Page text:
We have recently started renting our home which is located in the Caribbean. I just received an inquiry from someone who wants to know how much we would charge for a two month rental in peak season, mid-Jan to mid-March. I don't know anything about longer rentals in our area. Chances are that we could rent the house for much of the two month period at our normal rate, but it would obviously be more work. Does anyone have any input on what sort of discount would be appropriate? Thanks.
I used to give a big discount for longer periods of time until I realized how much income I was losing. Yes, it does bring peace of mind to be solidly booked, and it's nice to avoid the problem of turnovers, but is it worth it?
Figure out your savings if you rent for two months -- would you reduce the cleaning crew visits, laundry expenses, welcome basket costs, soaps & other amenities? If so, reduce the price by that amout. You can also place some value on the labor you save with only one guest instead of 8 separate weekly rentals - - email & phone time, dealing with payments and refunds, background checks, and your own time at turnover, and reduce the monthly rate accordingly. Figure out your time and a reasonable hourly rate and subtract that from the rate.
I also get antsy if I have a long rental and I can't get into the house to putter around and do some on-going maintenance; with weekly turnovers, I can get in every week to do or fix something. Yes, I could ask a long-term tenant to let me in to work, but that is intrusive and awkward.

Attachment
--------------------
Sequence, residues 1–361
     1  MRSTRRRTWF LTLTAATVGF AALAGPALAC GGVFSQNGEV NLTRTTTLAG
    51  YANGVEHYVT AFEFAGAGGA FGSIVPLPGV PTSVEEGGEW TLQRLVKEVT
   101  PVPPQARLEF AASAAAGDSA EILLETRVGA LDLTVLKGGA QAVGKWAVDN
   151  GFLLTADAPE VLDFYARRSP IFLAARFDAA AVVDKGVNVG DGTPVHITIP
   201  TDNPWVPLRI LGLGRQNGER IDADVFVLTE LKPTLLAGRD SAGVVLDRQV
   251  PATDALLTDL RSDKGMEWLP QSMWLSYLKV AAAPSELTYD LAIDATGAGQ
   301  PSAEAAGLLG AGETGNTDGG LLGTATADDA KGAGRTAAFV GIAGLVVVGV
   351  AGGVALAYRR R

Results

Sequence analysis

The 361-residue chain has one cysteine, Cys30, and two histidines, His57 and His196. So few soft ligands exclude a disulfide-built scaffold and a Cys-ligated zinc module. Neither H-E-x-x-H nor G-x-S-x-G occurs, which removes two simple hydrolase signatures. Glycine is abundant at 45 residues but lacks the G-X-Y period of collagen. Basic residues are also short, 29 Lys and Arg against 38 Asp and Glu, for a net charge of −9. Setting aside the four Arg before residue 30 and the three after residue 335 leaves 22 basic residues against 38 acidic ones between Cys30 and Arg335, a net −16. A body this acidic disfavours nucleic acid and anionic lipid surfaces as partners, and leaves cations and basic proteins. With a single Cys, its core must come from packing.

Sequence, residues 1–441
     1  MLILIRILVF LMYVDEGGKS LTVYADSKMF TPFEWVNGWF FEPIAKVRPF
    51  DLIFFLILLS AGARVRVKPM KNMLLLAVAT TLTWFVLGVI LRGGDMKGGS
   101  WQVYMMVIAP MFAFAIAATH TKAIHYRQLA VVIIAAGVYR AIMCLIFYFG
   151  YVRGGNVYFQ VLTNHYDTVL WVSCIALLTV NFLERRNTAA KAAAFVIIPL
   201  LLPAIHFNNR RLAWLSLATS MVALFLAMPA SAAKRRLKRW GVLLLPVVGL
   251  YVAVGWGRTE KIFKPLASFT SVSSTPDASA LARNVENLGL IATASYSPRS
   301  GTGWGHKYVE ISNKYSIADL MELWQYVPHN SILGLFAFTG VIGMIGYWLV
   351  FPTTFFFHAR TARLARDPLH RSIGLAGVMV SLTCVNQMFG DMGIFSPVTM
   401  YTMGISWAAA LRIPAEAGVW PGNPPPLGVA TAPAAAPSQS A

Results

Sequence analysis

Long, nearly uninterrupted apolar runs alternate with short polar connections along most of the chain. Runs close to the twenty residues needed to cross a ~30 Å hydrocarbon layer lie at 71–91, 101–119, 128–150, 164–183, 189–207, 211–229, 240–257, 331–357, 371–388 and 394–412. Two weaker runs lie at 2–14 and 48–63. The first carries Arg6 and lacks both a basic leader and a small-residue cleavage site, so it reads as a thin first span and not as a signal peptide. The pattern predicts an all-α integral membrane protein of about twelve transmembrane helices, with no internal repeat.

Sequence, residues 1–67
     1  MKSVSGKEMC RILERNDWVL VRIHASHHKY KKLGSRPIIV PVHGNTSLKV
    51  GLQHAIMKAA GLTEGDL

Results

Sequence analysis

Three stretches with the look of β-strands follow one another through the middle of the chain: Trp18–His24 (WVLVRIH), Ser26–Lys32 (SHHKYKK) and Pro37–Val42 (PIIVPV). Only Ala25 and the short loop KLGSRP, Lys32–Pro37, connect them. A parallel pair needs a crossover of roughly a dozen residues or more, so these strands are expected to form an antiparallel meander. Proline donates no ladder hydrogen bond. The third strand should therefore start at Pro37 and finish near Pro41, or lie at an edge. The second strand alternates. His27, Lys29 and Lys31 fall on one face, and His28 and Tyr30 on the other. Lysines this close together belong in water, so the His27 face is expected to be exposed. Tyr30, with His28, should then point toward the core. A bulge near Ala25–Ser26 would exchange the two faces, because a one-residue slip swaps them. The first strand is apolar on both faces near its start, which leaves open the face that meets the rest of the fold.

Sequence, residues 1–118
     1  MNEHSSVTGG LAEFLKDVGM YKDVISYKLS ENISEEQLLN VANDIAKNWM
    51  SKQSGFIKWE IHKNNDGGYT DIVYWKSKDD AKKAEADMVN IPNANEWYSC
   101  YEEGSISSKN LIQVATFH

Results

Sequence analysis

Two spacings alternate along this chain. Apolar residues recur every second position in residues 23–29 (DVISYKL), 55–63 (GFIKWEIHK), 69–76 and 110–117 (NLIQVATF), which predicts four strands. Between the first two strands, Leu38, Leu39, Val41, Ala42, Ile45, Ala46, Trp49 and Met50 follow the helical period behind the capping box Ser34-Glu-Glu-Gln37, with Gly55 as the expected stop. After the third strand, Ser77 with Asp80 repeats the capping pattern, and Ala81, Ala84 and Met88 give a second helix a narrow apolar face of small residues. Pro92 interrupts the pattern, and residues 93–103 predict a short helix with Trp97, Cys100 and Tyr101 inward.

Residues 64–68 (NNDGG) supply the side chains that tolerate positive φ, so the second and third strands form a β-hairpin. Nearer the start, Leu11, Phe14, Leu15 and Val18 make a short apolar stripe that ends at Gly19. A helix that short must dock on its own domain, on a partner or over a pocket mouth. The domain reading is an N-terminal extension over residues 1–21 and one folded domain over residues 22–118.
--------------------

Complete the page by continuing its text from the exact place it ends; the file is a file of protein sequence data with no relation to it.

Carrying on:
Still, this is your first year and you are just getting your feet wet -- it might be easier for you. If so, I would make sure your contract protects you in case they change their minds at the last minute - all your eggs are in one basket. What provisions are there if they leave after one week or one month? What if they are the "guests from hell" we read about in this community -- can you evict them if they violate the lease?
I believe the discount should depend on how difficult it would be to rent the weeks individually. And, as a previous poster pointed out, how much you save by renting a block of weeks.
I offer a 5% discount for multiple week rentals. I save the weekly cleaning and laundry services if my guest does not want these services during an extended stay. Other than these services I save myself the effort of answering inquries and processing rental materials. I will offer this reasoning to explain my paltry discounts to guests. They are generally understanding.
In your first years of renting I would recommend renting to as many guests as possible. You shouldd be building your rental base. It may be difficult to turn a two month rental away, but it may be in your best interest to do so.
And here's a way to determine if you should even offer a discount to a renter: google your potential renter. I have found some very well-to-do people asking for large discounts, people who own 2.5 million dollar homes, people with highly placed positions, people with their own companies . . .people who clearly do not need discounts to vacation at my home!.